Chris, Dennis Miller, and everyone on the racing side did a heck of a job bringing back my enthusiasm for the game. Horsemen like Allen Aldrich, Jonathan Wong, and Quinn Howey were unbelievably nice and welcoming to me, and plenty of the fans had a genuine interest in wanting to know more about the product. It’s what I needed, and other than one unfortunate meal and its even-more-unfortunate outcome, I wouldn’t have changed a thing about the experience.

Pleasanton’s in the books, and now, it’s on to Saratoga. My batteries are recharged, my spidey senses are tingling, and I’m ready to reclaim what’s rightfully mine. I lost three photos in the last two days of the 2018 meet, and as a result, Liam Durbin beat me by a single win in the pick box on the front page of The Pink Sheet. I can’t, and I won’t, let that happen again. Furthermore, I’m also going after The Saratoga Special’s John Shapazian, who reclaimed the “king of all media” handicapping crown with a genuinely awesome performance all meet long a season ago. That’ll be a tough mountain to climb, but I’ve got my gear and I don’t quit easy.

As a refresher, here’s all the content you can expect from me on a daily basis: Two days before each card, I’ll have picks and analysis up on AndrewChampagne.com. In addition, I’ll have a bankroll play for each day of racing, but this will not be inserted until the previous day’s wagering has concluded. We turned a profit in that section last year, and I’ll be delighted if we can do so again. Furthermore, as topics come to me, I’ll be producing weekly editions of “The Dark Day Files,” columns on any number of topics involving Saratoga and the sport at large. Got an idea for such a column? Reach out via the “contact” section here. I see every note that comes in, and I’ll gladly take any opportunity I can find to show the racing world I can still write a little bit (that “win an Eclipse Award” box on my bucket list has to get checked at some point!).

All of this will also be in The Pink Sheet every racing day (with the exception of “The Dark Day Files,” which is an online-only production). If you like what you see/read from me, or from anyone else associated with its production, support it by buying a print copy when you’re in town. I kid around a lot, and I can be very sarcastic, but I’m as serious as a heart attack when I tell you that local journalism needs your money and/or support a heck of a lot more than I do.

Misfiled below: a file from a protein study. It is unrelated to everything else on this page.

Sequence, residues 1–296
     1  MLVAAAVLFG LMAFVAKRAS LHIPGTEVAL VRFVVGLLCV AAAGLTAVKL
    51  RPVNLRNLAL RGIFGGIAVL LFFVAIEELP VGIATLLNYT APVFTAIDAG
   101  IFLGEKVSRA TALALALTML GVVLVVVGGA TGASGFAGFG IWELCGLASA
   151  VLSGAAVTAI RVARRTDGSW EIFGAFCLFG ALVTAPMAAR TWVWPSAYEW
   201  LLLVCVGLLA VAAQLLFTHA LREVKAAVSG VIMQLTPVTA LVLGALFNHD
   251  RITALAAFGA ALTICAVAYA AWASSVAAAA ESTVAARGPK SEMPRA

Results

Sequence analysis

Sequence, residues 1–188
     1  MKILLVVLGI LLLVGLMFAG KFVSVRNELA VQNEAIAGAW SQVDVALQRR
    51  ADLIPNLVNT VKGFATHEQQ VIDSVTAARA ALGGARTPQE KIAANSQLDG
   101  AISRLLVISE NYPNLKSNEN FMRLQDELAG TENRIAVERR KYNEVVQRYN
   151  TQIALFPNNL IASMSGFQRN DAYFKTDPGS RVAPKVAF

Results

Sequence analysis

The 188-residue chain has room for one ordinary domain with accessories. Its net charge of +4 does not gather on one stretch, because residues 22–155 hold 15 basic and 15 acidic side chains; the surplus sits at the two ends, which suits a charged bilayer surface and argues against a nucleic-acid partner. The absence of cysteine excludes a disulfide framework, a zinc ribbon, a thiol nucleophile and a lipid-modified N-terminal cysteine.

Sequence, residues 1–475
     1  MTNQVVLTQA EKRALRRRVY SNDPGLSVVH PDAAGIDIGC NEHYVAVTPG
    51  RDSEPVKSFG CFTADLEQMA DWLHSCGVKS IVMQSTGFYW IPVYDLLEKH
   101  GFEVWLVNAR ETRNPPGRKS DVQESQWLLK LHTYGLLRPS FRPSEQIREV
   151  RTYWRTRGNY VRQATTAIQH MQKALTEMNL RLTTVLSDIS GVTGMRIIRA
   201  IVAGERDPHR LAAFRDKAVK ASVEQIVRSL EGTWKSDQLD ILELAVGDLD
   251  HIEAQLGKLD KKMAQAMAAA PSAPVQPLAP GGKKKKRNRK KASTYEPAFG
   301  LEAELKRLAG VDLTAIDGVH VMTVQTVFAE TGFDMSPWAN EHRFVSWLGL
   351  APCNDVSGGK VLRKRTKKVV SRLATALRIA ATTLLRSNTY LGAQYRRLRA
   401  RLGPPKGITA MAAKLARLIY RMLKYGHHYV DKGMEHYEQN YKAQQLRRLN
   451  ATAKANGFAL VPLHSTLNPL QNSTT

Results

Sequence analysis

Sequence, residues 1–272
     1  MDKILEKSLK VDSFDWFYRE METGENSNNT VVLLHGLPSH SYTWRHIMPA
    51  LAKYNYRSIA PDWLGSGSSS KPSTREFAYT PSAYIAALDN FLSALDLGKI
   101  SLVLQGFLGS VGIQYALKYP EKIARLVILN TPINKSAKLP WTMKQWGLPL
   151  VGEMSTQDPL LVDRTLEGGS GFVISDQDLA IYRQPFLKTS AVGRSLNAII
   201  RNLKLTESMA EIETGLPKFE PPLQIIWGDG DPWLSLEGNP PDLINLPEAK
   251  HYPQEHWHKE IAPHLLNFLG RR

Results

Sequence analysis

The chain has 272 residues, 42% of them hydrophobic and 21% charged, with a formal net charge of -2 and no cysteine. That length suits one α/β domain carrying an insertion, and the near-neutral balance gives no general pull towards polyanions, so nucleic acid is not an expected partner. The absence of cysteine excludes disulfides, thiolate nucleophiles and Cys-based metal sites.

In addition, I’m proud to be back in the fold at Horse Racing Nation, where I wrote some really good stuff in 2014 before a political situation reared its ugly head. I’ll be putting forth daily tickets and analysis pertaining to the NYRA Pick Five, which will be widely available on all platforms. I’m grateful to Mark Midland, Jonathan Lintner, and the entire HRN team for welcoming me back, and hopefully, we can put some money in your pockets.

Finally, I’ll also be continuing with my DRF Bets Formulator Angle videos. Twice a week (usually on Thursday and Friday), I’ll take a deep dive and bring you trends and figures that will hopefully help you cash a ticket. I enjoy doing these videos, and there’s no better place to focus them than at the track where I developed an interest in the sport.

To those that have supported my work in the past: Thank you. There’s no better feeling than helping someone else pick a winner, and I’ve been blessed to be in more positions to do that than most people my age. I can’t promise you fancy hats, or social media strategies that appeal to crowds that wear fancy hats, but what I can promise you is intensive, hard-hitting content that reflects the work I put into each card. If I’m in a situation where my personality can come out to have a little fun, so much the better (speaking of which, you might hear about a trip east later this summer; stay tuned).

Let’s go make some money!